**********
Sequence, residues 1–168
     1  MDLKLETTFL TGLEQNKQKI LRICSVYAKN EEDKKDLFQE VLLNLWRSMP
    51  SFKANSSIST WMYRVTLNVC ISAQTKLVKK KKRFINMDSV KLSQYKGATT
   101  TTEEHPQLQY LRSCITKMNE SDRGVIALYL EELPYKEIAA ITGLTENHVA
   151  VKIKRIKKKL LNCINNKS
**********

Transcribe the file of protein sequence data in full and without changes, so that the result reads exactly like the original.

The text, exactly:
Sequence, residues 1–168
     1  MDLKLETTFL TGLEQNKQKI LRICSVYAKN EEDKKDLFQE VLLNLWRSMP
    51  SFKANSSIST WMYRVTLNVC ISAQTKLVKK KKRFINMDSV KLSQYKGATT
   101  TTEEHPQLQY LRSCITKMNE SDRGVIALYL EELPYKEIAA ITGLTENHVA
   151  VKIKRIKKKL LNCINNKS